ISLAMABAD - Pakistan’s Inter-Services Intelligence (ISI) agency has long been accused of siding with the Taliban as part of a strategy to ensure a friendly government in Kabul and to ensure India cannot gain a foothold. However, this year its civilian government has taken pains to insist that any political settlement must be part of an Afghan-led process.

Now, details of an interview with Lieutenant-General Ahmad Shuja Pasha, who stepped down as ISI director general last weekend, give an insight into the agency’s secretive world and its position on Afghanistan, reports daily Telegraph. The account of the meeting in April last year – written by a researcher with the private intelligence firm Stratfor and obtained by WikiLeaks – suggests the ISI fears that a Taliban takeover would have dangerous implications for Pakistan’s security.

“We do not wish to see the Talibs dominate Afghanistan,” he said. “On the contrary, we want to see a broad-based government that can end the civil war in that country, which has had a disastrous fallout for us. Of course the Talibs will be a key player in a post-Nato Afghanistan, which we feel is necessary for true peace to take place.”

Well-placed observers in Islamabad suggest Pakistan’s Afghan policy is undergoing a period of “evolution”.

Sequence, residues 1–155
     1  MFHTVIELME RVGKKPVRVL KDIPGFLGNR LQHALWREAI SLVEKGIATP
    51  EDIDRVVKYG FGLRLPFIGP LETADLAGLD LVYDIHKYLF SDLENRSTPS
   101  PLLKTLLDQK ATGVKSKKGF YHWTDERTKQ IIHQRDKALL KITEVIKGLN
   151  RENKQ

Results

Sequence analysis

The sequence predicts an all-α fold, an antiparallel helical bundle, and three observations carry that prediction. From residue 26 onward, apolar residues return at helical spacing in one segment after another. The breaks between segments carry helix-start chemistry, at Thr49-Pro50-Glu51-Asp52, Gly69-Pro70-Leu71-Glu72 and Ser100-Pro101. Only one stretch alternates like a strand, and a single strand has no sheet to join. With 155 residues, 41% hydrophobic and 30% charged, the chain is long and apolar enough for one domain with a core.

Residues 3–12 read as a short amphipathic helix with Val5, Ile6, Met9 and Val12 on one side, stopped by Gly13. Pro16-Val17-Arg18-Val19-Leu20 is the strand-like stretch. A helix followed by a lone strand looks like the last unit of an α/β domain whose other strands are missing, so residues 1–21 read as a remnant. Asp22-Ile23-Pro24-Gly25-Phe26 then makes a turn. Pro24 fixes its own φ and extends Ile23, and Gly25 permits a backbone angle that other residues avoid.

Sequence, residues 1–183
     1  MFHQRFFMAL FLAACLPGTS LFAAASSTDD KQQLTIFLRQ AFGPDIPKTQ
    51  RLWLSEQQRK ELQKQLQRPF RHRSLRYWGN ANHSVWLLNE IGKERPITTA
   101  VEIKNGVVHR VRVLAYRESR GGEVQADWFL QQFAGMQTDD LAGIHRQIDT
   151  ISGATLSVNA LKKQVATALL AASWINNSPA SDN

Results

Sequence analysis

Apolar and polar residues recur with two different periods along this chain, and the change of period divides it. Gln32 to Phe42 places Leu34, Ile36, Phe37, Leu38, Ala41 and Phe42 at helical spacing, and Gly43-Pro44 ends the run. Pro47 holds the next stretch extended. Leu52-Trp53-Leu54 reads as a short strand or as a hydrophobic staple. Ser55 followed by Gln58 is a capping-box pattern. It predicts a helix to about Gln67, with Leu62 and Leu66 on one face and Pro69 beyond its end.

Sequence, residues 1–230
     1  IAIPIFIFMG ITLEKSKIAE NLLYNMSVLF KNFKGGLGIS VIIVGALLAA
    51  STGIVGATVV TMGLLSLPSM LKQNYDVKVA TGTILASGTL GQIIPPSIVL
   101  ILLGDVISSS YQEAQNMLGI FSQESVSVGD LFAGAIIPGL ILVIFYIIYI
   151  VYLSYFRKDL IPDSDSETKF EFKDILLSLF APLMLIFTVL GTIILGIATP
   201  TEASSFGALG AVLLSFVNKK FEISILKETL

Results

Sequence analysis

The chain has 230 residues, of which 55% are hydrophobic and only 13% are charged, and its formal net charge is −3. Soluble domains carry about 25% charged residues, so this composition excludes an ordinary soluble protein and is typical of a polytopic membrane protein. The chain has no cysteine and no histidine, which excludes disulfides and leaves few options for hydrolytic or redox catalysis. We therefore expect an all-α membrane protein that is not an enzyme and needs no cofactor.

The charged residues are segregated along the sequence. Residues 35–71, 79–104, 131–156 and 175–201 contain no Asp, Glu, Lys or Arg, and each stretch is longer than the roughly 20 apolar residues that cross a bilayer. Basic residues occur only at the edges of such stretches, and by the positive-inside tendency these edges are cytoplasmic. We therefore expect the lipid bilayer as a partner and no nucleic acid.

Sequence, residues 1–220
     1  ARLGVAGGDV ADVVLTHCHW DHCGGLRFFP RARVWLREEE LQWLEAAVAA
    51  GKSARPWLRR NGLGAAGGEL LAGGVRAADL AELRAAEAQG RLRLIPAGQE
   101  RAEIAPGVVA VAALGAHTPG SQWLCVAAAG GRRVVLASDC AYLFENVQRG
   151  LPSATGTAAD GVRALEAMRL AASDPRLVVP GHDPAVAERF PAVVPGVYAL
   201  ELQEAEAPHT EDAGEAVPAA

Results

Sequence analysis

Having worked closely with Jihadi groups to oust Soviet forces from Afghanistan in the 1980s and then helped the Taliban to power, Pakistan’s security forces have suffered huge losses in recent years as some militant groups turned against Islamabad. That concern about violent blowback remains balanced, for now, with the knowledge that Taliban allies could still prove useful in negotiating a favourable deal in Afghanistan.

The military has so far resisted US pressure to launch an offensive in North Waziristan, where the feared Haqqani network is headquartered and from where it launches attacks against Nato forces in Afghanistan. In the meeting, General Pasha apparently said the military wanted to move into North Waziristan, but was still trying to secure neighbouring areas.

“The only way to mount an offensive in NW is through South Waziristan, which we are trying to stabilise with the building of roads and resettlement of locals,” he said.